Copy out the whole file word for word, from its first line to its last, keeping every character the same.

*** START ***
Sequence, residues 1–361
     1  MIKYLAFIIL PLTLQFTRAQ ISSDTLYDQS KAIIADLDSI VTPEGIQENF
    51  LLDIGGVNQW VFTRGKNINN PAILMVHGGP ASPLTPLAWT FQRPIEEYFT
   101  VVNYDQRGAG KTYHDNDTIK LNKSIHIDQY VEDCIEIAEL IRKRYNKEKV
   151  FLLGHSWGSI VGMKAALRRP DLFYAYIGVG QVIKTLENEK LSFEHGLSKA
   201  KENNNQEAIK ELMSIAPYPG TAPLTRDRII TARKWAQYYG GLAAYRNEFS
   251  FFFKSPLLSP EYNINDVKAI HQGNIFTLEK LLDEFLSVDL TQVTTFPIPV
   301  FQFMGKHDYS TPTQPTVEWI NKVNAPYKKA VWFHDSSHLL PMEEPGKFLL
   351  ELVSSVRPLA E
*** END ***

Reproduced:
Sequence, residues 1–361
     1  MIKYLAFIIL PLTLQFTRAQ ISSDTLYDQS KAIIADLDSI VTPEGIQENF
    51  LLDIGGVNQW VFTRGKNINN PAILMVHGGP ASPLTPLAWT FQRPIEEYFT
   101  VVNYDQRGAG KTYHDNDTIK LNKSIHIDQY VEDCIEIAEL IRKRYNKEKV
   151  FLLGHSWGSI VGMKAALRRP DLFYAYIGVG QVIKTLENEK LSFEHGLSKA
   201  KENNNQEAIK ELMSIAPYPG TAPLTRDRII TARKWAQYYG GLAAYRNEFS
   251  FFFKSPLLSP EYNINDVKAI HQGNIFTLEK LLDEFLSVDL TQVTTFPIPV
   301  FQFMGKHDYS TPTQPTVEWI NKVNAPYKKA VWFHDSSHLL PMEEPGKFLL
   351  ELVSSVRPLA E